WILLAg Notes

May 04, 2015

Can Herbicide of Choice Still be Used Post Planting

The fast pace of corn planting in the state of Illinois has farmers and chemical applicators racing one another across the fields. University of Illinois Extension Weed Scientist Aaron Hager has this advise for farmers wondering what to do if the corn was planted before their residual herbicides were applied.


You may read Aaron Hager's thoughts on weeds and herbicides on The Bulletin website.


April 29, 2015

2015 Gross Revenues for Corn Using RP85% + ARC Co

A University of Illinois Ag Economist has back figured how the new farm program would have performed over the last 40 growing seasons when coupled to crop insurance. The calculations can be used as a guidepost to 2015 farm incomes.



The exercise coupled RP crop insurance at the 85% level to the ARC County farm program to see how it would have supplemented farm income on a highly productive central Illinois farm located in Logan County. The numbers were run for crop years starting in 1975 all the way through 2014 says Gary Schnitkey. He’s an ag economist at the University of Illinois and explains, to begin with, how this combination would have handled the years farmer are most likely to remember; 1980, 83, 88, and 2012.

Quote Summary - So those are the drought years, and while in 1988 we didn’t have the crop insurance products we do now, we can figure what income would have looked like if a producer had purchased RP at the 85% level and took ARC County. Those years would not be bad from a gross revenue stand point. Crop revenues would be low, but crop insurance and ARC County payments would bring those back so that if, for instance 2015 looked like 1988 or 2012, the gross income would be at the top end of our distribution over the 40 year period.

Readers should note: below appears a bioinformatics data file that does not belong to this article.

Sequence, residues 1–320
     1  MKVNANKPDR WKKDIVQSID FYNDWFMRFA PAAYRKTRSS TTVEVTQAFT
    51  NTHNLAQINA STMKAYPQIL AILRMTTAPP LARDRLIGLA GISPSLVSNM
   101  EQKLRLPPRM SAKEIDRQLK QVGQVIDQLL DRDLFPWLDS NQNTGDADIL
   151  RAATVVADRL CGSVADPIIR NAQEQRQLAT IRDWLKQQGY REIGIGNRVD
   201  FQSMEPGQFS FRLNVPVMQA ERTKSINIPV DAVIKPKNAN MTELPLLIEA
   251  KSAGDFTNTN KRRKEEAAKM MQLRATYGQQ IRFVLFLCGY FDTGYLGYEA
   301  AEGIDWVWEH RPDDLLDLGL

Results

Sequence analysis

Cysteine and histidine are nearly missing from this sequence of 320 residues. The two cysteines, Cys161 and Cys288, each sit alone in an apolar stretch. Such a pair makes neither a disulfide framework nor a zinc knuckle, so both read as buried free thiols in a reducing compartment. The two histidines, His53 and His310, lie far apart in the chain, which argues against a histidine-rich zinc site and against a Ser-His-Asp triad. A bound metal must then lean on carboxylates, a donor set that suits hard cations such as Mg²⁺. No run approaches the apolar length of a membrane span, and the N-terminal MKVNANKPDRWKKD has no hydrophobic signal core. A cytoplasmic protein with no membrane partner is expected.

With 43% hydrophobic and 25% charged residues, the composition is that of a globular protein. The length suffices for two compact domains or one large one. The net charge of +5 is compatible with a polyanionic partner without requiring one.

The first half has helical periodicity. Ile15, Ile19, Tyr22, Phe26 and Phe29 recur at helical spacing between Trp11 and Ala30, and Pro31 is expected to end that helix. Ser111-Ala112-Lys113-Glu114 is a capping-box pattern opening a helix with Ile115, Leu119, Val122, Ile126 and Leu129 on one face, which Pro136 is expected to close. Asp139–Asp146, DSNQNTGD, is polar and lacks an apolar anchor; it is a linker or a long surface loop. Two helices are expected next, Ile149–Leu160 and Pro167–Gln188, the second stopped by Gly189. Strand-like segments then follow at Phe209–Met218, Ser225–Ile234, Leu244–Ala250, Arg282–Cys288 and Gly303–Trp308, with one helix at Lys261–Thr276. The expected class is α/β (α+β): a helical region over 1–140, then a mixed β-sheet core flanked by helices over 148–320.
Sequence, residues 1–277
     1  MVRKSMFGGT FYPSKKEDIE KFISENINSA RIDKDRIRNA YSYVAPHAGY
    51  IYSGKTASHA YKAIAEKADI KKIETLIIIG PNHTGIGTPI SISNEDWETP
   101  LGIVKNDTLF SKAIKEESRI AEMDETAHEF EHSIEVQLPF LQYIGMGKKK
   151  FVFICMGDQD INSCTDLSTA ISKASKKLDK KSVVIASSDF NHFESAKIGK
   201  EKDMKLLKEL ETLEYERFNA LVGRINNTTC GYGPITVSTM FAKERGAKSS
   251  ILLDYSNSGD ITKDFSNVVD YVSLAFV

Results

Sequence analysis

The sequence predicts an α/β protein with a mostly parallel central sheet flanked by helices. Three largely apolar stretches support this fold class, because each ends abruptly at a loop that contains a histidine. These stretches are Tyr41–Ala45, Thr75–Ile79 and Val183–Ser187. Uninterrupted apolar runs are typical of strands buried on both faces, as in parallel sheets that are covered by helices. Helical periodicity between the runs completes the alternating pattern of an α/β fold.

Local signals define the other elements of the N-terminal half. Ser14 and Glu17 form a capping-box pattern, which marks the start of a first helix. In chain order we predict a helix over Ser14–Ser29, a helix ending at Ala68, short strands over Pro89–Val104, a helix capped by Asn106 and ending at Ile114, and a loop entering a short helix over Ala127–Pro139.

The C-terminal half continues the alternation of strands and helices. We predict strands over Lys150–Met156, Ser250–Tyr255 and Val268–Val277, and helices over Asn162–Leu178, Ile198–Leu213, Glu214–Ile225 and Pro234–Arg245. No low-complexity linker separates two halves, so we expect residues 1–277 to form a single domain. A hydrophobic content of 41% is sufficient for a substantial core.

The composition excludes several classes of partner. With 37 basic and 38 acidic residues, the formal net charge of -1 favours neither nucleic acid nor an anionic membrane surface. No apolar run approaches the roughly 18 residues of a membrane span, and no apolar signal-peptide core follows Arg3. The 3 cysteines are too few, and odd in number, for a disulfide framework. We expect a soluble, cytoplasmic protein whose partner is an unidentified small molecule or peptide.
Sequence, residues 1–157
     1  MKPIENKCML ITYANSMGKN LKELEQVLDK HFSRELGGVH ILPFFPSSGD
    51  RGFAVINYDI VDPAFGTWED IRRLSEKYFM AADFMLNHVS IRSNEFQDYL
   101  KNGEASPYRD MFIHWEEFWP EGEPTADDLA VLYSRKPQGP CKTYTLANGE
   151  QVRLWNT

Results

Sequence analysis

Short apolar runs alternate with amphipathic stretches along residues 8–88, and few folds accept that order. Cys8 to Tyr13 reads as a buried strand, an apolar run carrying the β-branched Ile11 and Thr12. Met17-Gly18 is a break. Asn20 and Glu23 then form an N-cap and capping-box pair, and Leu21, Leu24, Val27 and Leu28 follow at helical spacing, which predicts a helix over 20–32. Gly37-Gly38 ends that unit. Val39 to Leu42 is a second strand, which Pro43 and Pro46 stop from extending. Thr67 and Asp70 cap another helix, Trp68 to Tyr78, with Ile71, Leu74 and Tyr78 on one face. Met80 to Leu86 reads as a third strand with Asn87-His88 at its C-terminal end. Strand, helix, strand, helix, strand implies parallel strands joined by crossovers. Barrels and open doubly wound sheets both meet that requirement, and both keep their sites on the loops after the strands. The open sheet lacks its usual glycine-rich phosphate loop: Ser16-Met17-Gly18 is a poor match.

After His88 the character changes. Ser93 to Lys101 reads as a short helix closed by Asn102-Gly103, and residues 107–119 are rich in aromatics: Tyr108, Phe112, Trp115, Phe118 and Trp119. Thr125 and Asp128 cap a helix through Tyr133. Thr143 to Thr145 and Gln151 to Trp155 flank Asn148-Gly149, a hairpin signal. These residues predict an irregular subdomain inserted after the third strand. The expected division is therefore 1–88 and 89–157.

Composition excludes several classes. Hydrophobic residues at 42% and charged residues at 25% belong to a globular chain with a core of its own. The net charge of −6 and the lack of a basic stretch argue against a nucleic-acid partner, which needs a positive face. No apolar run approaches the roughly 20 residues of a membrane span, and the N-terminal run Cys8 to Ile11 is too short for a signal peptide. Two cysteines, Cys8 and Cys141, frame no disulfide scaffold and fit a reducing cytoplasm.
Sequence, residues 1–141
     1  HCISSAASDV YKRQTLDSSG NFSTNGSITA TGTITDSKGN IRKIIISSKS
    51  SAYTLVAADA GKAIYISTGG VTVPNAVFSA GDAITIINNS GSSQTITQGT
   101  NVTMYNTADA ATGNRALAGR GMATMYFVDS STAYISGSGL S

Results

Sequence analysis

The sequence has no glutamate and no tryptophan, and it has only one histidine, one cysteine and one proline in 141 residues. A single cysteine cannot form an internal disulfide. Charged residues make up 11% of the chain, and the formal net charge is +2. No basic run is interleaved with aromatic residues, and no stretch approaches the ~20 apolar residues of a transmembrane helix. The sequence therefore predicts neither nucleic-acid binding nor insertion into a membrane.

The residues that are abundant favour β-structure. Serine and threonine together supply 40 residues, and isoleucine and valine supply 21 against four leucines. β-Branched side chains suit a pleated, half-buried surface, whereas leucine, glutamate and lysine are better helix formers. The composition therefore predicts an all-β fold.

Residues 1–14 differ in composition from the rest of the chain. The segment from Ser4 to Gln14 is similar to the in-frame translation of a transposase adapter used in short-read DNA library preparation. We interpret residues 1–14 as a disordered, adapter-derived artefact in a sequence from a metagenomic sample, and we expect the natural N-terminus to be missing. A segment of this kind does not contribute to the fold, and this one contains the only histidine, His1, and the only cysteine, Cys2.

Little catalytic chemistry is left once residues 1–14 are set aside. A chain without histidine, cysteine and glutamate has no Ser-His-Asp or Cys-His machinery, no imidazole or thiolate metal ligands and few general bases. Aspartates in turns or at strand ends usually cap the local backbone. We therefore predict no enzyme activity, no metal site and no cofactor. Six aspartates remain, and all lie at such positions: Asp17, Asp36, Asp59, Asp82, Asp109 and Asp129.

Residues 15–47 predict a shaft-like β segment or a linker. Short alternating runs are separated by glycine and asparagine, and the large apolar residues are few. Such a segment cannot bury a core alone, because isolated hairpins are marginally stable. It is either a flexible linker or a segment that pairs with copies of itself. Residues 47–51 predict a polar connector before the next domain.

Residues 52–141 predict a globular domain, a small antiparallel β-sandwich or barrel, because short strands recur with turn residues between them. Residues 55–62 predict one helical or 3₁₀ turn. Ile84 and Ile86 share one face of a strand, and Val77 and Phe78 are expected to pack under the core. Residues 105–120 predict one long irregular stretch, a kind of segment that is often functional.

Yields and prices in each of the 40 years are calculated using 2015 projections, but the actual year offsets. 2012, then. would show a lower actual price (because this years crop insurance price is lower than 2012’s) but a higher actual yield. Essentially you pick a year, adjust for 2015, and calculate the gross income.
 


The middle point (where the distribution is not quite evenly split above and below but close) is $828 per acre. The low revenue year forecasts correlate mostly with trend yields and lower corn prices. So, with a somewhat normal growing season that has below average prices. That could be caused by large residual supplies, big carryouts, or by poor demand.

Quote Summary - Poorer demand or something along that lines. Those types of years will be the ones that cause low revenues in 2015.

The ten middle years of the set project 2015 gross revenues from $825 to $831 per acre for corn. They were each characterized by harvest prices and yields relatively close to expected levels - the February crop insurance price and trend yield. Those years include 1984, 1990, 1991, 1996, 2002, and 2009.

Link to original FarmDocDaily article


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